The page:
Secondary Structure of Proteins

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Chapter: Biochemistry : Structure of Proteins

The polypeptide backbone does not assume a random three-dimensional structure but, instead, generally forms regular arrangements of amino acids that are located near each other in the linear sequence.


The polypeptide backbone does not assume a random three-dimensional structure but, instead, generally forms regular arrangements of amino acids that are located near each other in the linear sequence. These arrangements are termed the secondary structure of the polypeptide. The α-helix, β-sheet, and β-bend (β-turn) are examples of secondary structures commonly encountered in proteins. [Note: The collagen α-chain helix, another example of secondary structure.


A. α-Helix

Several different polypeptide helices are found in nature, but the α-helix is the most common. It is a spiral structure, consisting of a tightly packed, coiled polypeptide backbone core, with the side chains of the component amino acids extending outward from the central axis to avoid interfering sterically with each other (Figure 2.6). A very diverse group of proteins contains α-helices. For example, the keratins are a family of closely related, fibrous proteins whose structure is nearly entirely α-helical. They are a major component of tissues such as hair and skin, and their rigidity is determined by the number of disulfide bonds between the constituent polypeptide chains. In contrast to keratin, myoglobin, whose structure is also highly α-helical, is a globular, flexible molecule.

Figure 2.6 α-Helix showing peptide backbone.


1. Hydrogen bonds: An α-helix is stabilized by extensive hydrogen bonding between the peptide-bond carbonyl oxygens and amide hydrogens that are part of the polypeptide backbone (see Figure 2.6). The hydrogen bonds extend up and are parallel to the spiral from the carbonyl oxygen of one peptide bond to the –I NH I– group of a peptide linkage four residues ahead in the polypeptide. This insures that all but the first and last peptide bond components are linked to each other through intrachain hydrogen bonds. Hydrogen bonds are individually weak, but they collectively serve to stabilize the helix.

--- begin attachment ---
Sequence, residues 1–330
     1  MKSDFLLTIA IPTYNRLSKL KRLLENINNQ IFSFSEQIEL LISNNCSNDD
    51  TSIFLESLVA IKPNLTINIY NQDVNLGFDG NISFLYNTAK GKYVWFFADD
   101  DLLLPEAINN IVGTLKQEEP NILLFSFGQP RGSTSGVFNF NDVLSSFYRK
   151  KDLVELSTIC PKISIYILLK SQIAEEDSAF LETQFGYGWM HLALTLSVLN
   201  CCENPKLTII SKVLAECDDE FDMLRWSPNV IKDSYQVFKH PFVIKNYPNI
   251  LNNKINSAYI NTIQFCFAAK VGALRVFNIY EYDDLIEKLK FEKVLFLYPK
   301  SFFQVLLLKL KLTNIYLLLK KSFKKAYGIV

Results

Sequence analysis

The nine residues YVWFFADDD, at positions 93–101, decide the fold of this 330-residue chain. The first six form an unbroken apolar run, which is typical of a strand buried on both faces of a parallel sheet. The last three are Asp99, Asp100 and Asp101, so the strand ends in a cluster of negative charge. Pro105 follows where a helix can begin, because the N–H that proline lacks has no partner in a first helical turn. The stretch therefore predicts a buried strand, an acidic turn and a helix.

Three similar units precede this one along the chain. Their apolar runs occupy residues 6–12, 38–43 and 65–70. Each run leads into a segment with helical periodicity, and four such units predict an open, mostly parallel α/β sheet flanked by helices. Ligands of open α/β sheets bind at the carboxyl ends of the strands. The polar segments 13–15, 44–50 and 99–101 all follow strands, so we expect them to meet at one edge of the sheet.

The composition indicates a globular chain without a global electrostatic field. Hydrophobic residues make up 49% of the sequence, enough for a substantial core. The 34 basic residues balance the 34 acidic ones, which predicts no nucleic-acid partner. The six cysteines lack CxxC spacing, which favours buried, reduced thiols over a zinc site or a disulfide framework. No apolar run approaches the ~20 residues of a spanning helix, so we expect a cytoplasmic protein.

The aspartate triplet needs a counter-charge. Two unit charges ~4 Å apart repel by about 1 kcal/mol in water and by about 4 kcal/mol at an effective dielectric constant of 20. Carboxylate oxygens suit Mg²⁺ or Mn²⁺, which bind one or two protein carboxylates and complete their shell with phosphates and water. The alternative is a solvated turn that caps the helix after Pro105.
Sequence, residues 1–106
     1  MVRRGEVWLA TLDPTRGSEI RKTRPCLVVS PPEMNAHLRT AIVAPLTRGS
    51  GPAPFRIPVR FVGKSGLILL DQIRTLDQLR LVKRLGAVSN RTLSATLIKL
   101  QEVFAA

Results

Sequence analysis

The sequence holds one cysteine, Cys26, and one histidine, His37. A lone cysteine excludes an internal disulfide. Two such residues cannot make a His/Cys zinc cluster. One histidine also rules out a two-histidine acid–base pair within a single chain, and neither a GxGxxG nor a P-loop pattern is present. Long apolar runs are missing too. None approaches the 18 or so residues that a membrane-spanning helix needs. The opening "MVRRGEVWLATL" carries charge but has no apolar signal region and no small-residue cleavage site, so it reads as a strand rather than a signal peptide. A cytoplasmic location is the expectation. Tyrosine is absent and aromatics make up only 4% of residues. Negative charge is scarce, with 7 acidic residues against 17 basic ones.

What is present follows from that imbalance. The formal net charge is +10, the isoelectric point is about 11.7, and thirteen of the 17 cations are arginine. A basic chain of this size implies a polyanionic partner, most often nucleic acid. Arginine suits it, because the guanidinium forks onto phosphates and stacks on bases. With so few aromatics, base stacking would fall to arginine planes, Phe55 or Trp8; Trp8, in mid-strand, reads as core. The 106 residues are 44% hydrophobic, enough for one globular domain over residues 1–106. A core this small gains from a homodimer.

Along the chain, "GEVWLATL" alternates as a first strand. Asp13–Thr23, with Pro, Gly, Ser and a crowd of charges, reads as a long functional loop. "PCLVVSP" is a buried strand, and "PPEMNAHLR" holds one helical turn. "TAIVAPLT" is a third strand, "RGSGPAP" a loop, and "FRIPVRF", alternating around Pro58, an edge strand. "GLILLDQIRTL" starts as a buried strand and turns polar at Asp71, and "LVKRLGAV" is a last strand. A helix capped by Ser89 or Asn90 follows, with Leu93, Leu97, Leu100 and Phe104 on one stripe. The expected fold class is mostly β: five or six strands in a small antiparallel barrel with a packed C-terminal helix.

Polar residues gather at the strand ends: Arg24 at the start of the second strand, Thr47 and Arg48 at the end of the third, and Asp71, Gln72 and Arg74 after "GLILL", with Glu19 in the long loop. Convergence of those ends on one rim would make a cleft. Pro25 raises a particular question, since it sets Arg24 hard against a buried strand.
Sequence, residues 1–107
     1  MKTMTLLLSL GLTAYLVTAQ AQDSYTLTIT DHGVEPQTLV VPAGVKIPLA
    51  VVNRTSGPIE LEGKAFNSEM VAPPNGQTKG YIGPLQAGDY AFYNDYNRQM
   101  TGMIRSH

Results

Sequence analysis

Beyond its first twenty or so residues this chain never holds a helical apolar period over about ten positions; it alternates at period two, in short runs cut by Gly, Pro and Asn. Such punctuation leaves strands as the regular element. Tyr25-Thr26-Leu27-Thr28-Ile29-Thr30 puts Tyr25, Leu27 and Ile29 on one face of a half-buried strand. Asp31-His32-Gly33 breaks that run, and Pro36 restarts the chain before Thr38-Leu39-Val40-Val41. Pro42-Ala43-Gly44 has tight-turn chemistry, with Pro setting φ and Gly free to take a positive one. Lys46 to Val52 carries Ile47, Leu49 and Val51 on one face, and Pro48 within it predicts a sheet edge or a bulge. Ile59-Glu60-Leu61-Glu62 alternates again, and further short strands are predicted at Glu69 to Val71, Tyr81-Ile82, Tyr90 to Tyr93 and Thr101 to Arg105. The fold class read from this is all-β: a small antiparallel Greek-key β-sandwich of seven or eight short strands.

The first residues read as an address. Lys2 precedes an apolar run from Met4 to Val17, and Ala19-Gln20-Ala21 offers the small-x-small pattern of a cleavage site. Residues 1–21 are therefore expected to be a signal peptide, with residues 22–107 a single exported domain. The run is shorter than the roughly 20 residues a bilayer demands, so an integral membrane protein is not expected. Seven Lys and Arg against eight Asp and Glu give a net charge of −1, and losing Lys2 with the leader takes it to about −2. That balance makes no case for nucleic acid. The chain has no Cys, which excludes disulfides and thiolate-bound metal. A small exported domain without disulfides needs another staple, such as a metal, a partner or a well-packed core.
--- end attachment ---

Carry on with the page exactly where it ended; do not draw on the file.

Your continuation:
2. Amino acids per turn: Each turn of an α-helix contains 3.6 amino acids. Thus, amino acid residues spaced three or four residues apart in the primary sequence are spatially close together when folded in the α-helix.


3. Amino acids that disrupt an α-helix: Proline disrupts an α-helix because its secondary amino group is not geometrically compatible with the right-handed spiral of the α-helix. Instead, it inserts a kink in the chain, which interferes with the smooth, helical structure. Large numbers of charged amino acids (for example, glutamate, aspartate, histidine, lysine, and arginine) also disrupt the helix by forming ionic bonds or by electrostatically repelling each other. Finally, amino acids with bulky side chains, such as tryptophan, or amino acids, such as valine or isoleucine, that branch at the β-carbon (the first carbon in the R group, next to the α-carbon) can interfere with formation of the α-helix if they are present in large numbers.


B. β-Sheet

The β-sheet is another form of secondary structure in which all of the peptide bond components are involved in hydrogen bonding (Figure 2.7A). The surfaces of β-sheets appear “pleated,” and these structures are, therefore, often called β-pleated sheets. When illustrations are made of protein structure, β-strands are often visualized as broad arrows (Figure 2.7B).